I'm currently designing an interface for a container that is supposed to store references of different instances that derived from a common supertype. An analogy of it would be as following:

Suppose there is fruit store where people can put different kinds of fruit. The fruit store should provide abilities to retrieve all fruits of the same type, for each and every type of fruit that it currently has.


public abstract class Fruit {}

public class Apple extends Fruit {}

public class Pear extends Fruit {}

public class Orange extends Fruit {}

My initial design is to create separate data structure for each and every kind of fruit. When listing a particular kind of fruit, we only need to read from corresponding data structure for that type.

public static class FruitStore {

  private final List<Apple> apples = new ArrayList<>();

  private final List<Pear> pears = new ArrayList<>();

  private final List<Orange> oranges = new ArrayList<>();

  public void add(Apple apple) {

  public List<Apple> getApples() {
    return Collections.unmodifiableList(apples);
  // same for pear and orange, omit for simplicity

A few issues that I'm seeing from this design:

  • this solution is verbose and has lots of boilerplate code
  • its requires us to have knowledge of all possible kinds of fruits that will be put into store to write the program
  • if later we decide to support a new kind of fruit, say Peach, we have to modify source code of FruitStore, adding new data structure and APIs.
    private final List<Peach> peaches = new ArrayList<>();
    public void add(Peach peach);
    public List<Peach> getPeaches();
    It seems to be a violation of open-closed principle (i.e. "system should be open for extension, but closed for modification)

The good part of this design is that upon compilation, everything has already been determined therefore static analysis can ensure maximum type safety of this class before types get erased.

Then I come up with this design

public class FruitStoreV2 {

  private final List<Fruit> fruits = new ArrayList<>();

  public void add(Fruit fruit) {

  public <T extends Fruit> List<T> get(Class<T> fruitType) {
    List<T> res = new ArrayList<>();
    for (Fruit fruit : this.fruits) {
      if (fruitType.isInstance(fruit)) {
    return res;

I'm still seeing a few issues in this design

  • (biggest problem) every time when program wants to retrieve a particular kind of fruit, it has to iterate through the entire collection of fruits. This really harms the performance if there exist many different fruit instances. I think hard about this but can't come up with a reasonable way of caching the result.
  • in order for Java to infer the type, we have to explicitly pass Class as hint
  • usage of Class#isInstance and Class#cast. If I understand them correctly, they are happening during runtime, thus we might lose the benefits of static compile-time type checking feature offered by Java
  • explicit casting is usually a code smell? (this one I'm really not sure though)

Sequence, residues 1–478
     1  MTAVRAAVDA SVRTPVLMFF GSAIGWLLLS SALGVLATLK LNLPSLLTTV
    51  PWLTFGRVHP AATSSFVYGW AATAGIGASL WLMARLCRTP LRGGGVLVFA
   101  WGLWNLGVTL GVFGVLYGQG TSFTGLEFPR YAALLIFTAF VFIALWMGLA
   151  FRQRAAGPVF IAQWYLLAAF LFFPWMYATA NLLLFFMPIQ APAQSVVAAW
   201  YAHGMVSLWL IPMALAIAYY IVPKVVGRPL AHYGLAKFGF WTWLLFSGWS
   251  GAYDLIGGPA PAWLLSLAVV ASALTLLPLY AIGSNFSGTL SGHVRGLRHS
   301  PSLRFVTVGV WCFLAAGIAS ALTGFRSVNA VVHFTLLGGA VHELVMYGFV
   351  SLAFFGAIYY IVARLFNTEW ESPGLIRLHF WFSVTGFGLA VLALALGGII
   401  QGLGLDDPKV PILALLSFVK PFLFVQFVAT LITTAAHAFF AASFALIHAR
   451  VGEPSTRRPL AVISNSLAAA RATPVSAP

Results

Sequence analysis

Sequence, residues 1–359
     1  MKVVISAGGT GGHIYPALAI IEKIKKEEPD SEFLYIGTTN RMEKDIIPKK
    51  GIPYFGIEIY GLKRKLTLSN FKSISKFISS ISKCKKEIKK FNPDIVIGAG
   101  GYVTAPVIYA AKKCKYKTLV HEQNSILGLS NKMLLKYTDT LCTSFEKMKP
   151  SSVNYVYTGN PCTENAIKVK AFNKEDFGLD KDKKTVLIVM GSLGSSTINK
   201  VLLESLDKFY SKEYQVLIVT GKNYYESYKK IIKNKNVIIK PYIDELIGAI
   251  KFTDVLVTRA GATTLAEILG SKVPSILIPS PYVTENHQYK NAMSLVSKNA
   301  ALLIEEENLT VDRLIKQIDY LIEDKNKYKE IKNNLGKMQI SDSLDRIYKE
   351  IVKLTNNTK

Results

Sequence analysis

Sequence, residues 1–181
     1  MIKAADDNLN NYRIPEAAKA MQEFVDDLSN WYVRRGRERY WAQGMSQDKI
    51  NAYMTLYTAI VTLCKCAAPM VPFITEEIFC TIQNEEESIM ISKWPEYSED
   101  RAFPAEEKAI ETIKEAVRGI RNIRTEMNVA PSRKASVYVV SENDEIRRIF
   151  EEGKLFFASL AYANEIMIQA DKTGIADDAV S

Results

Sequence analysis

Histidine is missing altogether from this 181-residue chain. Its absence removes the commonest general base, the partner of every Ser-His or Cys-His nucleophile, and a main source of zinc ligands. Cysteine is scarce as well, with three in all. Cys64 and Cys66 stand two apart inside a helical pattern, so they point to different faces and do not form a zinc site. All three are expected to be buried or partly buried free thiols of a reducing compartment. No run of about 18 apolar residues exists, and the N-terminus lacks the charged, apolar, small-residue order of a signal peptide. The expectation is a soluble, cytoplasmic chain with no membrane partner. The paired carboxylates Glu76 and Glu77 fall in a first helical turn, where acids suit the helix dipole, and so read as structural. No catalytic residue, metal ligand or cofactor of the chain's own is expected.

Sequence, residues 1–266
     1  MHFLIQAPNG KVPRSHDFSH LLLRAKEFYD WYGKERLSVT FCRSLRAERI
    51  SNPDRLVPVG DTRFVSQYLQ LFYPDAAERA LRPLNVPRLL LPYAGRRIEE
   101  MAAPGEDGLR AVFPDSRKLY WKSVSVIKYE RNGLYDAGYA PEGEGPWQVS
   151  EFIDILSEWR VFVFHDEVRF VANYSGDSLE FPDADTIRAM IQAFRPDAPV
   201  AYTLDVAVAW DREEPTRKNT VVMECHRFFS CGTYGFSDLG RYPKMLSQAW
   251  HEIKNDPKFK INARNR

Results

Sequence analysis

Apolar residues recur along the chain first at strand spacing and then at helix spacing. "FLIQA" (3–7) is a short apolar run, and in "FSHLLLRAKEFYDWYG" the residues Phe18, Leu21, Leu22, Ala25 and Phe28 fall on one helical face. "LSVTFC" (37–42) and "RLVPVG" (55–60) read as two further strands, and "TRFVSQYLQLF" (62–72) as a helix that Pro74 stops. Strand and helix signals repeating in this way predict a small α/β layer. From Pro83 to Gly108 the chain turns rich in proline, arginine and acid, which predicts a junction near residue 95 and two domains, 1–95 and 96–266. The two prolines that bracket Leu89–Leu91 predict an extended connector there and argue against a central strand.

[Question 1] Which design above is better in your opinion? Could you please let me know the reasons?

[Question 2] For this particular scenario, is there any other better design that is possible? I'm looking for one that combines good parts of both designs (i.e. efficiency, type safe and open for extension)

Thank you for your help in advance!

  • 3
    The issue with this question is that you're using a contrived example; if this were a real problem I would ask what benefit you gain by deriving all of these classes from Fruit in the first place; the fact that you need to know the type of each object and downcast suggests a more fundamental problem in that these classes don't seem to belong together in an inheritance hierarchy, so you might be better off just treating them all as unrelated classes, and store them in separate repositories. (Perhaps you could say they're like Apples and Oranges... :-) ) Nov 14, 2021 at 7:24

1 Answer 1


Your second approach seems more extensible to me. Instead of iterating through the full list of Fruits on each retrieval, you could store them in a map:

class FruitStoreV2_1 {
    private final Map<Class<? extends Fruit>, List<Fruit>> fruitMap = new HashMap<>();

    public void add(Fruit fruit) {
        fruitMap.computeIfAbsent(fruit.getClass(), c -> new ArrayList<>()).add(fruit);

    public <T extends Fruit> List<T> get(Class<T> fruitType) {
        return (List<T>) fruitMap.getOrDefault(fruitType, Collections.emptyList());
  • Thanks Archie. I tried to upvote u but my current reputation is not enough. Yeah I also think about using Map w/ Class the key. However, a few issues that I can foresee with this approach: 1) Map equality becomes be tricky if multiple ClassLoaders are involved, which is inevitable in web container application 2) Let say If I separately define the type using interface (e.g. Apple and AppleImpl), in that case if I invoke FruitStoreV2_1.get(Apple.class) and FruitStoreV2_1.get(AppleImpl.class) conceptually I would expect the same result but it won't
    – torez233
    Nov 14, 2021 at 0:34
  • also, I think #2 is still a problem even if we switch to use FQDN of class instead of class itself as the key for the map
    – torez233
    Nov 14, 2021 at 0:38

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